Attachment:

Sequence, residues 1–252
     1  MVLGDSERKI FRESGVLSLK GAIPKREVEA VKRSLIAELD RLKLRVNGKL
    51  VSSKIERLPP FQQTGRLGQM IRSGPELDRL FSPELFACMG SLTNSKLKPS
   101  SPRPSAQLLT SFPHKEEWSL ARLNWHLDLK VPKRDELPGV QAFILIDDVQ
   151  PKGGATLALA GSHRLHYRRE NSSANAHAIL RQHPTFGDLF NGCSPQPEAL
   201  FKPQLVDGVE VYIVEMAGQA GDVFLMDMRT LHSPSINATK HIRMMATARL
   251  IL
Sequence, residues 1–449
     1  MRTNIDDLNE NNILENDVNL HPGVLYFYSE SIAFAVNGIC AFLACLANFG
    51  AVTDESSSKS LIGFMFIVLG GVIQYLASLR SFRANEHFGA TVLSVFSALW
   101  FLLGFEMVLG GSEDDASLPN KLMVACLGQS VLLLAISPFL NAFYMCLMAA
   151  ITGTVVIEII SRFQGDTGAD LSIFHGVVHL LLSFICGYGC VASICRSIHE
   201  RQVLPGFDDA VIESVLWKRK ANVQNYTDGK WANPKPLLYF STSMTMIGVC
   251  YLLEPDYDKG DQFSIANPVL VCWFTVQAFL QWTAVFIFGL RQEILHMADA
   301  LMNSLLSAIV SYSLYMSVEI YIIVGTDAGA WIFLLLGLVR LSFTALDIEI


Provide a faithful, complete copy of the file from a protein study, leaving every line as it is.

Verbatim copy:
Sequence, residues 1–252
     1  MVLGDSERKI FRESGVLSLK GAIPKREVEA VKRSLIAELD RLKLRVNGKL
    51  VSSKIERLPP FQQTGRLGQM IRSGPELDRL FSPELFACMG SLTNSKLKPS
   101  SPRPSAQLLT SFPHKEEWSL ARLNWHLDLK VPKRDELPGV QAFILIDDVQ
   151  PKGGATLALA GSHRLHYRRE NSSANAHAIL RQHPTFGDLF NGCSPQPEAL
   201  FKPQLVDGVE VYIVEMAGQA GDVFLMDMRT LHSPSINATK HIRMMATARL
   251  IL
Sequence, residues 1–449
     1  MRTNIDDLNE NNILENDVNL HPGVLYFYSE SIAFAVNGIC AFLACLANFG
    51  AVTDESSSKS LIGFMFIVLG GVIQYLASLR SFRANEHFGA TVLSVFSALW
   101  FLLGFEMVLG GSEDDASLPN KLMVACLGQS VLLLAISPFL NAFYMCLMAA
   151  ITGTVVIEII SRFQGDTGAD LSIFHGVVHL LLSFICGYGC VASICRSIHE
   201  RQVLPGFDDA VIESVLWKRK ANVQNYTDGK WANPKPLLYF STSMTMIGVC
   251  YLLEPDYDKG DQFSIANPVL VCWFTVQAFL QWTAVFIFGL RQEILHMADA
   301  LMNSLLSAIV SYSLYMSVEI YIIVGTDAGA WIFLLLGLVR LSFTALDIEI